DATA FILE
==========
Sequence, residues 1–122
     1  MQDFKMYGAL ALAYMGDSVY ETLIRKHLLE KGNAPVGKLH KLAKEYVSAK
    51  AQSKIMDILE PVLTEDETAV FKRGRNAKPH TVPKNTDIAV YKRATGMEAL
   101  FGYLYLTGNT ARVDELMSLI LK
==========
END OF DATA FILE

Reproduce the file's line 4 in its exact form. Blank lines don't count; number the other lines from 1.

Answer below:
   101  FGYLYLTGNT ARVDELMSLI LK